Alternatively, if you’re happy with a lower street view, Green’s at Bank is nestled in the heart of The City’s financial district. It offers The Runner Bar and the Cornhill Room, the former being for an event for over 100 people and the latter being more intimate. It has low-arched windows that offer an impressive view of the Bank of England and the Royal Exchange, making you feel as if you are in a Dickensian counting house.
Rather than looking out over the streets of London, Bluebird in Chelsea’s private room offers you an aerial perspective, simply by looking to your feet. Set in a converted attic, you can enjoy their delicious menu of game, seafood or produce from France, as you watch the activity below you.
“Fabulously dramatic views” are the order of the day at Manicomio in the city. Manicomio offer “a three storey haven in the heart of the St Paul’s District” with their personal dining room that gives you a more up-close, immediate look at the neighbouring architecture. Rather than look out across the rooftops, this eatery cocoons you in amidst the towering buildings of the city. It’s all about height here. Despite its private rooms being only on the first and second floors, Manicomio seat you amidst long windows, tall ceilings and modern finishings. All accentuated with a wonderful a la carte menu.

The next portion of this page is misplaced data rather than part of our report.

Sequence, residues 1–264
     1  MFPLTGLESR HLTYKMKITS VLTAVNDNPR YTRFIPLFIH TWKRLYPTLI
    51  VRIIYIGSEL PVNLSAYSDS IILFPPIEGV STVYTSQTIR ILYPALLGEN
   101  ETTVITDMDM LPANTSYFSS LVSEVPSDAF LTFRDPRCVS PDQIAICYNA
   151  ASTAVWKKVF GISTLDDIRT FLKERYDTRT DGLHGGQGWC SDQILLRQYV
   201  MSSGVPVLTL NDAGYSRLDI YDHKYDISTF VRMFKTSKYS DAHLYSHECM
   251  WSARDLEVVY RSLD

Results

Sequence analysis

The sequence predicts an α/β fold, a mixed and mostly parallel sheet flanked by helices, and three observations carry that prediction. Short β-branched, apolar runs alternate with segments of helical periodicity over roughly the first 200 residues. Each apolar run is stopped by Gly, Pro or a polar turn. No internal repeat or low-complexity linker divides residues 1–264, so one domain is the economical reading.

If it’s riverside views your after, try out The Dock Kitchen in Notting Hill, located in a Victorian wharf building and with a private dining room that leads onto a terrace overlooking the neighboring dock.
Similarly, Boisdale of Canary Wharf gives you a choice of several private rooms, overlooking the Cabot Square fountains and with uninterrupted views across London. Executive Head Chef Andy Rose has designed a Scottish/English menu that offers delicacies in the form of everything from shellfish to lamb. The private rooms here are also wonderfully individual. Dine amidst the works of artist Jack Vettriano in the room of the same name, raise your glasses in the Johnnie Walker Blue Label Room or admire the alternating artwork of the Boisdale Fleming Gallery Room.
Nearby, The Gun is located on the Thames in Docklands – opposite The 02 – and plucks its produce straight from the nearby Billingsgate fish market. Here, choose from three private rooms – the Red Room, the Cabin Room and the River Room (all seating around 20 people for dinner) and enjoy a wonderful view of the Thames.
For a view from the water, The Leven Dutch barge is an oak paneled ship moored at the West India Quay and looking out over the impressive London docklands. When you’re not admiring the resident wildlife of the Quay – ducks, swans and even the odd seal – you’ll be taking in the sights of Canary Wharf and the O2 Arena. The barge is perfect for a family party with its relaxing saloon area or its sit down dinner table.
Whether it’s height, water or the greenery of the beautiful city gardens and squares you’re after, these excellent venues allow you to take a room with a view in majestic London.